With the global financial crisis shredding sharemarkets and prices in 2008, investors are constantly asking themselves when the worst may be over. Is the market at the bottom, or will it fall further? Is 2009 the year of investment opportunity?
High profile market watchers and participants put their cases for investing in the sharemarket, or avoiding it against a backdrop of economic factors.
Associate professor Steve Keen, of the University of Western Sydney, paints a gloomy outlook for the Australian sharemarket, property market and the global economy. It’s worth noting that Keen sold his Sydney unit for $540,000 in November 2008, because he believes the property market is way over-valued. Keen, now renting, says he paid $480,000 for the two-bedroom unit in 2005 and believes the same property will be probably be cheaper in 10 years’ time.
Why? The answer, according to Keen, is high levels of personal and business debt. Debt and the unavoidable deleveraging process here and overseas will plague global sharemarkets for years.
Keen expects the Australian sharemarket to trade sideways at today’s levels for at least three years before falling below 3000 points and then trending downwards. Today’s stocks retain built-in price premium from borrowed money that Keen says will be stripped out as investors are forced to reduce gearing levels. Share prices will fall in line with declining volumes.
“There’s a huge amount of debt to unwind in Australia and around the world,” Keen, of the university’s school of economics and finance, says.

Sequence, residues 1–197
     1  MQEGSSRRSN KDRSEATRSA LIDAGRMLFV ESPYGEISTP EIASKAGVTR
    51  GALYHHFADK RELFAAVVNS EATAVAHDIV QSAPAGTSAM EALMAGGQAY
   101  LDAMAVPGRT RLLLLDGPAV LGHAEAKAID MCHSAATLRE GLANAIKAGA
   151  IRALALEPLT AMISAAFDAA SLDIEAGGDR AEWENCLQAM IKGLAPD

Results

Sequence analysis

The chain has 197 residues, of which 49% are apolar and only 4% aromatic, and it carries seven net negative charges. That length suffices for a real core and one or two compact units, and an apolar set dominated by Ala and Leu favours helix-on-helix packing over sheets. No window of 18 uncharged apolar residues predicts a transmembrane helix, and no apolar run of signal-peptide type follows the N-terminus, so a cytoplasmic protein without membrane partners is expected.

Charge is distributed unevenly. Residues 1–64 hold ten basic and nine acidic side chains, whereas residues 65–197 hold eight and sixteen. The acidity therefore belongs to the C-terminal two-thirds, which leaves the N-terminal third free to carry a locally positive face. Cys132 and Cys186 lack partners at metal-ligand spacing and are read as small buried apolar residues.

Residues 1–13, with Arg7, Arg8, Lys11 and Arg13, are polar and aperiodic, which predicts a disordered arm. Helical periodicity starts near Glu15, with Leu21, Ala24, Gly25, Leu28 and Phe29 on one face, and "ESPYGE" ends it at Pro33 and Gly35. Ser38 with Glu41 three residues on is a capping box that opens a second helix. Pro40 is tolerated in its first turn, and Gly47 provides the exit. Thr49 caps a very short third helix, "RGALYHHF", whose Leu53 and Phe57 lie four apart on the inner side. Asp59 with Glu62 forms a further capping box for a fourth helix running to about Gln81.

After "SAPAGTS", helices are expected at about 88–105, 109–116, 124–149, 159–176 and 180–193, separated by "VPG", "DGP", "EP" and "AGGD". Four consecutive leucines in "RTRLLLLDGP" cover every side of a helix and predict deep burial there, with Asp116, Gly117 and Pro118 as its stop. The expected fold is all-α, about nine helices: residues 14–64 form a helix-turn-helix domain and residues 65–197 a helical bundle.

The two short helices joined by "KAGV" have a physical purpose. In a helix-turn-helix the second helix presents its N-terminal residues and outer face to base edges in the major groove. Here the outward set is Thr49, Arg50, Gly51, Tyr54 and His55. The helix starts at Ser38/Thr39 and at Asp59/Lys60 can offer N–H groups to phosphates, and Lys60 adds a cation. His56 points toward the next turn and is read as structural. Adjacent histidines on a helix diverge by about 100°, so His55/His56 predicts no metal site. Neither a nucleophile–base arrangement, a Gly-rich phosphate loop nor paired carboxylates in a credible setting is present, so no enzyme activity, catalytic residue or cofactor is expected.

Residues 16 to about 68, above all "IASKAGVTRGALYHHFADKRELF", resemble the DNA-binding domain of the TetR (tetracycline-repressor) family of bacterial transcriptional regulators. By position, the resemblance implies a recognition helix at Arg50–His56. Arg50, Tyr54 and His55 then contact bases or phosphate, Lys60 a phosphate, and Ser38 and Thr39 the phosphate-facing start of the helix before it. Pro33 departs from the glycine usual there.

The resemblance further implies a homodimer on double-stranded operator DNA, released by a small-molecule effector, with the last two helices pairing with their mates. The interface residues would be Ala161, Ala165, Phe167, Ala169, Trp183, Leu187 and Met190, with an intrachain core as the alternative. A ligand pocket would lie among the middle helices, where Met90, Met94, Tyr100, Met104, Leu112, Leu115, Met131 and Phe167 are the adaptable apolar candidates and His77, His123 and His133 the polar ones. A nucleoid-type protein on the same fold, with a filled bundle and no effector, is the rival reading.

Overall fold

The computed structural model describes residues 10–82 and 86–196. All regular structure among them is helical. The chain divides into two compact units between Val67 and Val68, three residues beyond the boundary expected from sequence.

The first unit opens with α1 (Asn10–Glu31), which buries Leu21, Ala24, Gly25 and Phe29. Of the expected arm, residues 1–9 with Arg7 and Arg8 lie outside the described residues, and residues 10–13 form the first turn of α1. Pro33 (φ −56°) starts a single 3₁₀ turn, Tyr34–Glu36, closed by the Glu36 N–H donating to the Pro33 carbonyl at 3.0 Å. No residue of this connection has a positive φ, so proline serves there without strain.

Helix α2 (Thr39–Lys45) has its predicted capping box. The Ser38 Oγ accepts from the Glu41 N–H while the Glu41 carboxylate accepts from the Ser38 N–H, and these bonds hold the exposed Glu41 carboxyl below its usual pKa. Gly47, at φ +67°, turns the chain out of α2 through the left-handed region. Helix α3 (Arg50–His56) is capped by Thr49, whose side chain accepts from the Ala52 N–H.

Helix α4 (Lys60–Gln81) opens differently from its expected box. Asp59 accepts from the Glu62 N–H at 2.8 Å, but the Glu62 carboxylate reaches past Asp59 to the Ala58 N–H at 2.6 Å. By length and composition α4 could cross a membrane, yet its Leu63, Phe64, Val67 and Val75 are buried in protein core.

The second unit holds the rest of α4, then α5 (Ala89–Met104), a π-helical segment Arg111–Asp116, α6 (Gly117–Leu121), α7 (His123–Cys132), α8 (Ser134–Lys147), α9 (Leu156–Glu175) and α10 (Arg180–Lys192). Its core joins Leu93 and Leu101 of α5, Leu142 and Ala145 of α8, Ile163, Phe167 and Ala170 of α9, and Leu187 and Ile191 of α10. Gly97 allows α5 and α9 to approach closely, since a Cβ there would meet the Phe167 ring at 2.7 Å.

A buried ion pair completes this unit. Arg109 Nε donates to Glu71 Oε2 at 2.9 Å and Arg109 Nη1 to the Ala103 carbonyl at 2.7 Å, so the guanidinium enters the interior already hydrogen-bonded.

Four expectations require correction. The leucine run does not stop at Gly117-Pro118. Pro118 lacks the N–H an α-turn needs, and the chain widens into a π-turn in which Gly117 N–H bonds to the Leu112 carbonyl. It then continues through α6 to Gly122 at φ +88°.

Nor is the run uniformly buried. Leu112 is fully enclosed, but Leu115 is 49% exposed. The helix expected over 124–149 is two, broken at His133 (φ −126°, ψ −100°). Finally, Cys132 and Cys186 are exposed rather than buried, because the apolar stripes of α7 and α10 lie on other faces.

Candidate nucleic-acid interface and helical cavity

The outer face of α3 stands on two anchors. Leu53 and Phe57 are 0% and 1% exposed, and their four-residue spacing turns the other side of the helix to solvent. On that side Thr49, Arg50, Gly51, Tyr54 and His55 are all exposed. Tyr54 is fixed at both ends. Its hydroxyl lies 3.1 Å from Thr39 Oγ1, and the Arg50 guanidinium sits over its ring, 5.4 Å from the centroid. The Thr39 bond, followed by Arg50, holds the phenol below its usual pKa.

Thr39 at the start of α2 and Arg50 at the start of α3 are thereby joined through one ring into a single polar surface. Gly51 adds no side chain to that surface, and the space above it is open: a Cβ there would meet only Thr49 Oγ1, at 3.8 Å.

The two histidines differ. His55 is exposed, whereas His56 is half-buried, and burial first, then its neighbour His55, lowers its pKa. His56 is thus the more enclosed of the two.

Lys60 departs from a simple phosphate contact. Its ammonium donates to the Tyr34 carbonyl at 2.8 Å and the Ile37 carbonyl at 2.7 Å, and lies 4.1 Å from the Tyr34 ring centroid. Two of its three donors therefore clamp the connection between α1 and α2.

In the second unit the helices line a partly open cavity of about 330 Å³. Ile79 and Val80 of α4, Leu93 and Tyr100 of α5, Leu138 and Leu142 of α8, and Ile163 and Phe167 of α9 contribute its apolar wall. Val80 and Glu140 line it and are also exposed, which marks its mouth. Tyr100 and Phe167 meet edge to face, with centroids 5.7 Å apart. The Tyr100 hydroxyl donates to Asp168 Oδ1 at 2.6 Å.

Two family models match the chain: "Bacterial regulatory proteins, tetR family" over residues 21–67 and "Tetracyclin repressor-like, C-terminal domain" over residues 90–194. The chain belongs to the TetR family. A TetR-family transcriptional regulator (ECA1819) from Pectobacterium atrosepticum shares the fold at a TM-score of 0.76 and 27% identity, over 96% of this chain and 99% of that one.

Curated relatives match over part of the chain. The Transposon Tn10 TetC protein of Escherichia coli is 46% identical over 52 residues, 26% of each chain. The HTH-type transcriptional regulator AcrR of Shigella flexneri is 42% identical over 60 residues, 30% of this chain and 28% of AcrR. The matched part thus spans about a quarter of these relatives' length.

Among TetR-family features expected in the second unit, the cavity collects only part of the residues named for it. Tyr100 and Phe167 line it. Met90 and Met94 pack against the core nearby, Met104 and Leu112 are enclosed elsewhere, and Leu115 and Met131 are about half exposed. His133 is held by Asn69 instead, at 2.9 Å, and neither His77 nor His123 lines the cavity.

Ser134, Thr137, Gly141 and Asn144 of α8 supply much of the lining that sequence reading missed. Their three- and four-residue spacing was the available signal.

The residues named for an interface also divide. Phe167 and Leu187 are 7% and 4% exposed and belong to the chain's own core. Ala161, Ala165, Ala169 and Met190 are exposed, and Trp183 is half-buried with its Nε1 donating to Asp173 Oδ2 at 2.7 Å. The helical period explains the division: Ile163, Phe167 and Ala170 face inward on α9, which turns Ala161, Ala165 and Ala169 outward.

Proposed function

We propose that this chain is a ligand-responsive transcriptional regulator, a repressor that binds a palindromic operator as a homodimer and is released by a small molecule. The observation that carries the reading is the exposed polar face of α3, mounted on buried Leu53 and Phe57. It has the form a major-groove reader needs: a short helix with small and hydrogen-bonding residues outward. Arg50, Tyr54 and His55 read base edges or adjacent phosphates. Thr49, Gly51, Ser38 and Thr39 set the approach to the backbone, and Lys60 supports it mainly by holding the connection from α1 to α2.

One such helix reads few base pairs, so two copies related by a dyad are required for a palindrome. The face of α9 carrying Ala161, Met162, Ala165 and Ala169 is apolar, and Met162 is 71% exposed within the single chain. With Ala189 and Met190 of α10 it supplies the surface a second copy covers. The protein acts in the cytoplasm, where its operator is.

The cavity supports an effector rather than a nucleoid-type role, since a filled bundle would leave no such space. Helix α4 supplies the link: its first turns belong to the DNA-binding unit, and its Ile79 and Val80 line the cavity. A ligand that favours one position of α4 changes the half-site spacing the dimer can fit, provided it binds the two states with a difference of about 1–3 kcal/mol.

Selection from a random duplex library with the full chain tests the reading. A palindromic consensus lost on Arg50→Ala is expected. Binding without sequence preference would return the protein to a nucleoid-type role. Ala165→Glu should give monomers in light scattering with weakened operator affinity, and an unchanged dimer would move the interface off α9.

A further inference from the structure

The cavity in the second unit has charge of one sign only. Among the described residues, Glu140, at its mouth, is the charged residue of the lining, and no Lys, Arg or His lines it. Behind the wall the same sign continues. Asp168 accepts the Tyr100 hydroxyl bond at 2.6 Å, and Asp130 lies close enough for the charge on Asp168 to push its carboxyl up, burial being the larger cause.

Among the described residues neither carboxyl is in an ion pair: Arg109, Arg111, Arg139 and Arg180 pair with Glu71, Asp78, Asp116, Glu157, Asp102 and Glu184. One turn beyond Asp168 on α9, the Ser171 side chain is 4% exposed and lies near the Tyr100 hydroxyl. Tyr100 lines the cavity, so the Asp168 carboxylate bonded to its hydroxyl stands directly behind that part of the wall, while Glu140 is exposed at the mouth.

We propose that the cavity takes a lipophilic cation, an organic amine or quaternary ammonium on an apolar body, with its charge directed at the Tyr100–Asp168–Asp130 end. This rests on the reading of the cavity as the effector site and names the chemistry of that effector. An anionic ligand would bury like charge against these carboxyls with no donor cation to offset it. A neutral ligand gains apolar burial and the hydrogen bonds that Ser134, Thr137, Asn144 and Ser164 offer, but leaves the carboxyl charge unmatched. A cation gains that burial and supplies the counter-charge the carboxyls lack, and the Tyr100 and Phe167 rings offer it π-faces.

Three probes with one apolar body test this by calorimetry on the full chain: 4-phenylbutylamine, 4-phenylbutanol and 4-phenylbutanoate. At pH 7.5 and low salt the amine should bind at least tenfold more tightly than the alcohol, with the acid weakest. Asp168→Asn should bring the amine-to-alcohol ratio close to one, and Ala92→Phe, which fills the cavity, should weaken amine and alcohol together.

US sharemarkets are way over-valued, particularly compared to Australia, and Keen says he can see the Dow Jones Industrial Average falling to 5000 points or possibly 4000.
“This is the biggest financial crisis ever, bigger than the Great Depression in terms of cause – high levels of debt,” he says. “It took 25 years for the Dow to recover its losses (points) in the 1929 stock market crash. It may take the Dow just as long to get back to its record high 14,000-point levels of October 2007, but people refuse to believe it’s possible.” He notes Japan’s Nikkei index trading at 7900 point levels on February 11 hasn’t come close to its all-time high of almost 39,000 points in late December 1989.
Australian households and businesses collectively owe $2 trillion, Keen says. Australia’s total debt-to-GDP ratio of 175 per cent effectively means that $1.75 is owed for every dollar earned. Rising debt levels during the economic boom years has pushed up asset prices to unsustainable levels, and he’s expecting weaker demand during an upcoming recession, interwoven with periods of negligible economic growth, to bring down share and property prices.